The 18th annual York University Graduate Student Conference in Education
March 24th - 26th, 2022*
Registration opens on February 24, 2022
Registration for the conference is now CLOSED!
We—all of us on Terra—live in disturbing times, mixed-up times, troubling and turbid times. The task is to become capable, with each other in all of our bumptious kinds, of response. Mixed-up times are overflowing with both pain and joy—with vastly unjust patterns of pain and joy, with unnecessary killing of ongoingness but also with necessary resurgence. [...] Our task is to make trouble, to stir up potent response to devastating events, as well as to settle troubled waters and rebuild quiet places. [...] In fact, staying with the trouble requires learning to be truly present, not as a vanishing pivot between awful or edenic pasts and apocalyptic or salvific futures, but as mortal critters entwined in myriad unfinished configurations of places, times, matters, meanings. (Haraway, 2016, p.1)
We need to ruin what ruins. (Ahmed, 2017, p. 40)
To build from the ruin, our building might seem ruined; when we build, we ruin (Ahmed, 2017, p. 232).
The pandemic has left a mark on all of us in disproportionate ways. The prospect of re:opening from the pandemic, with all of its assumptions, complexities and uncertainties, has caused us to pause and consider what re:opening actually means. We offer the prefix re:, meaning both “again” and “back” (Oxford University Press, 2021), as a way to consider our relations with/in histories and futures. The : after re intensifies this relationality by “amplifying what has come before it” (histories) and “directing us to the information following it” (futures) (Grammarly, 2021). The preposition re:, meaning “in the matter of,” “concerning” (Oxford University Press, 2021) draws us to the urgency of what matters and what concerns us in the now. Thus, we conceptualize re: as a liminal space/time between pasts and futures, a bumpy space where disaggregated research practices, theoretical frameworks and methodologies meet, resist and transform. Taking the preposition re: as a proposition, we engage Donna Haraway’s provocation to stay with the trouble of what concerns us and of what matters in conversation with Sara Ahmed’s incitement to build and ruin from/with/in this liminal space/time of re:.
What does it mean then to re:open from a pandemic, “to build from the ruin” (Ahmed, 2017)? What histories are entangled with our futures, what do we ruin when we build? What risks do we take and what vulnerabilities do we expose? How do we work in situated ways that do not erase histories or smooth out futures? How do we “ruin what ruins”?
As we move toward what is being called a re:opening, we ask the question - as re:searchers, educators, thinkers, scholars, storytellers, makers, and creators - what is our re:spons-ability to come together in a conference space? We invite you to think with re: as an intersection of histories and a re:membering of ethical orientations toward futurities and how this brings us to our current dwellings in this liminal space/ time of re:.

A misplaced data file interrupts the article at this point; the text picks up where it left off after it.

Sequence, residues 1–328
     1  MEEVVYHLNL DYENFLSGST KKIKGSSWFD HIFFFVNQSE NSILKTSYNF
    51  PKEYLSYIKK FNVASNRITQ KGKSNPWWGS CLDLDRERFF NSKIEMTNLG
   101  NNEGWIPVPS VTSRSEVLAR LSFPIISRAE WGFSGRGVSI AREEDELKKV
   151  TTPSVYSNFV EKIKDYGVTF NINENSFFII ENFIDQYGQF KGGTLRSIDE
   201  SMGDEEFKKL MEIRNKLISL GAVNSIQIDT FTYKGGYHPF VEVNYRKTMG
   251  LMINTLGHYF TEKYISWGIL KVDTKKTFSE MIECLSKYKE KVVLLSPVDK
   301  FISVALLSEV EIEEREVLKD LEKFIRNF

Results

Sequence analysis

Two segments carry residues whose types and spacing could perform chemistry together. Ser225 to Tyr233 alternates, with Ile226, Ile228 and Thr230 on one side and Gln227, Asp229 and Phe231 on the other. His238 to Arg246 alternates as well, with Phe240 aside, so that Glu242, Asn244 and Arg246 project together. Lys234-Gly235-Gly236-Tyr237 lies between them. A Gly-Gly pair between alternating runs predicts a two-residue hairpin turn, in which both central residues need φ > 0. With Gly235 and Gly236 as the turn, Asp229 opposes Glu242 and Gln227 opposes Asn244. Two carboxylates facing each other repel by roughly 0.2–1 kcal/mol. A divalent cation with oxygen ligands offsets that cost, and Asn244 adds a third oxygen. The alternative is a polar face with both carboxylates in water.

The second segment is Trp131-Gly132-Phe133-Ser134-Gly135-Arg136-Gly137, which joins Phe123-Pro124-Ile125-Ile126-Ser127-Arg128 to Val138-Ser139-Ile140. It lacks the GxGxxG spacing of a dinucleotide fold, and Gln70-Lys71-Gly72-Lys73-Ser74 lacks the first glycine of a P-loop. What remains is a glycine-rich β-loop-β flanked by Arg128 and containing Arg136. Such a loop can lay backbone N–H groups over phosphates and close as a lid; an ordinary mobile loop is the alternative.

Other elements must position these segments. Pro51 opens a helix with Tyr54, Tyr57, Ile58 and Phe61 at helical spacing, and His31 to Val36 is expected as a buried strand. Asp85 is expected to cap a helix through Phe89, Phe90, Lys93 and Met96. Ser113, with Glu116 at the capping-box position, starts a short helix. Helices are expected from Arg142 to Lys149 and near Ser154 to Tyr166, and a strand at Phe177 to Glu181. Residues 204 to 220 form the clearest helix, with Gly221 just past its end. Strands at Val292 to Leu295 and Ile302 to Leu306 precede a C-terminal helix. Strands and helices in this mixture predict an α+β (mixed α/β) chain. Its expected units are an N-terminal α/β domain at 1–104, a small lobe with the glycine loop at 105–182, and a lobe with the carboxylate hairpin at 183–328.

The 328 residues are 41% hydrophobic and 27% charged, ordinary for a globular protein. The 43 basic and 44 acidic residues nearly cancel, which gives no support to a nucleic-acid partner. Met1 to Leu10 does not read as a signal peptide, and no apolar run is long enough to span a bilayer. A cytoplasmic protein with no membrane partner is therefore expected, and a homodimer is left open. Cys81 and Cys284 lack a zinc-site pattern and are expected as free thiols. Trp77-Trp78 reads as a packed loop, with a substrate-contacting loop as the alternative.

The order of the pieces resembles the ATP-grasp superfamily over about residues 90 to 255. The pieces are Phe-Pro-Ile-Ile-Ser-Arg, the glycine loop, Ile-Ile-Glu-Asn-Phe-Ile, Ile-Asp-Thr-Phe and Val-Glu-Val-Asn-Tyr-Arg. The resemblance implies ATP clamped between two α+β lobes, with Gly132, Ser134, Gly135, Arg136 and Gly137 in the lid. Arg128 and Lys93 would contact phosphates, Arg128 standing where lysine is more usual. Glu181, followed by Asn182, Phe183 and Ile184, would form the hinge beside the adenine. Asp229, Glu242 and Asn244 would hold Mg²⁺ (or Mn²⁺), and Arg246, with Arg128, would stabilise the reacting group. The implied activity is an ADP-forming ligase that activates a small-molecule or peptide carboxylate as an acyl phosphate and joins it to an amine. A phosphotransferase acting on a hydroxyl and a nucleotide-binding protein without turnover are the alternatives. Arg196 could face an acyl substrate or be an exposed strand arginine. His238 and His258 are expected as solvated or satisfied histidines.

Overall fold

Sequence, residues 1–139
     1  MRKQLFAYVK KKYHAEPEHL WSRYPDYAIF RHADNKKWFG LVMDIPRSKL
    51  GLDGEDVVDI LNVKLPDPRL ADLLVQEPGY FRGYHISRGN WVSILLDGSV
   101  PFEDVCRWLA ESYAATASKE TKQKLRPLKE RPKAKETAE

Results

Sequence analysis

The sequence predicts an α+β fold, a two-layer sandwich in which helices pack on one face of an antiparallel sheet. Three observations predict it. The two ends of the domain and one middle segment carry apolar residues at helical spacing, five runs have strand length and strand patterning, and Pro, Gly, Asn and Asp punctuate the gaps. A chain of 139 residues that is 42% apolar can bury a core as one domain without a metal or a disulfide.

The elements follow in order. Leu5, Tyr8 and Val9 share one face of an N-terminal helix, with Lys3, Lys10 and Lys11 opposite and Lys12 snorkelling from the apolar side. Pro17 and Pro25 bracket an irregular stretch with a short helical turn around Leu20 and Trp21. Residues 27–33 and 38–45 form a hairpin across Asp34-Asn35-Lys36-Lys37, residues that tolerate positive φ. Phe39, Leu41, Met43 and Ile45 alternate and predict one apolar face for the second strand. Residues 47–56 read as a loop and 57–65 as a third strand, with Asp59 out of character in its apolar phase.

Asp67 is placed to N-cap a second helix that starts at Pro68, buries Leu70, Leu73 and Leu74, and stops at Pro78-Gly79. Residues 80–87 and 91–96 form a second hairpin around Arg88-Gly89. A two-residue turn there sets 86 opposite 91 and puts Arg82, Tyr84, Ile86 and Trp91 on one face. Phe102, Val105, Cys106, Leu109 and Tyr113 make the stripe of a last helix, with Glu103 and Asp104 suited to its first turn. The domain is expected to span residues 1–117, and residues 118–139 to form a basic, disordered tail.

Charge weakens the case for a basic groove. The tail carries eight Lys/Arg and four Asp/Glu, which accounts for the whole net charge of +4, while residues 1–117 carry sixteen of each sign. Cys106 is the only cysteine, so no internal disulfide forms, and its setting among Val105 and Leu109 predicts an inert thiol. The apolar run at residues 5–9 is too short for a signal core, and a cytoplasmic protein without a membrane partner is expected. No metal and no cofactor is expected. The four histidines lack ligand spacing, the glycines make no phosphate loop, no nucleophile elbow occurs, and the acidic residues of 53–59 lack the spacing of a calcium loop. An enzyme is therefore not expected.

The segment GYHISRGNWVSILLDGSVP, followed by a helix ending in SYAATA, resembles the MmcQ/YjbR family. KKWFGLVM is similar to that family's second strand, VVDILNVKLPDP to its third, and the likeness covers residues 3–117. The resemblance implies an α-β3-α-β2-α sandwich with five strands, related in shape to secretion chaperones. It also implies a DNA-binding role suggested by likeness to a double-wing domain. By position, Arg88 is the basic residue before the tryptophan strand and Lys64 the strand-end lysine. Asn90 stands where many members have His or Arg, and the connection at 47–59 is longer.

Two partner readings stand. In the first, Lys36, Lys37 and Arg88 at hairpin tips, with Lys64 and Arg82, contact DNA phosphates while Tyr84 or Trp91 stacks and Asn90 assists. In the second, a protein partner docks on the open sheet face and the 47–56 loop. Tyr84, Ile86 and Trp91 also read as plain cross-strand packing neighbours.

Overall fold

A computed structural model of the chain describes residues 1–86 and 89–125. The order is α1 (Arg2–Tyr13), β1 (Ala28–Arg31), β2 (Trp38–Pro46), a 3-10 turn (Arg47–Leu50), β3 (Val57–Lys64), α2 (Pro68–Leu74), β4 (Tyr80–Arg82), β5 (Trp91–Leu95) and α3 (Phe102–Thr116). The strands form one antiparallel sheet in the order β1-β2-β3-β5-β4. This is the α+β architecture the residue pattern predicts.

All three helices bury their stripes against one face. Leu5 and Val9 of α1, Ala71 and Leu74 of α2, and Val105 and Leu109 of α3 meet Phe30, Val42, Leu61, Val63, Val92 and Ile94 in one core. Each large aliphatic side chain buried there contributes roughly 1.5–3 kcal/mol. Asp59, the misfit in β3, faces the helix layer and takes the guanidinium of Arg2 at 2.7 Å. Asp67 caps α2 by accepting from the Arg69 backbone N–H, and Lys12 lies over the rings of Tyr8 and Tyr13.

re: calls us to situate our work in the ruins, thinking with and through the following questions:
- What does it mean to re:engage in a world that is built on foundations of
- How do we re:imagine education (pedagogies, practices, teaching/learning) in the ruins and deliberate ethical possibilities for livable futures?
- How can we re:envision our notions of and relations with “community” in pasts,
presents and otherwise futures?
We are no longer accepting submissions at this time.
Registration is now open! Our program will be posted in early March.
*Please note that this conference will be virtual.
We are pleased to offer five different professional development workshops during our conference this year. All workshops are free to attend. Stay tuned for more information on how to register for these workshops!
Publishing in Academic Journals
Publishing is an important element of graduate school and academic life. This workshop, led by Dr. Karen Krasny, will guide graduate students through the publishing process. Dr. Krasny will share tips and tricks for taking successful manuscripts to publish in high-ranking academic journals and creative publishing streams.
Writing an Op-Ed
This workshop will guide graduate students through the publishing of opinion editorials (Op-Eds). Op-Eds can be an excellent way for graduate students to disseminate their research beyond academic journals and to the general public. Sarah Sherman Stokes, associate professor at Boston University, will explain the genre of Op-Eds and guide graduate students through the unique writing process of these editorials.
Writing a CV
This workshop, hosted by Dr. Gabby Moser, will help graduate students write a curriculum vitae (CV) for an academic career. Dr. Moser will guide attendees through different CV formats and how they might gain experience in preparation for a life in academia.
Two faculty members (senior and junior) and two recent YorkU grads (academic and non-academic) talk about life after graduate school and the diverse career paths students might consider in/out of the field of academia. Aparna Mishra Tarc will chair this panel talk. Questions will be submitted in advance, discussants will respond, then there will be a brief Q & A session at the end.
We will have two drop-in sessions where current faculty members from the faculty of education (Don Dippo and Gail Prasad) can connect with students to talk about the grad school experience, being a professor, and other elements of professional life. There will be at least 2 faculty members per scheduled session. This will be an informal session for graduate students to ask questions in a collegial, low-pressure environment.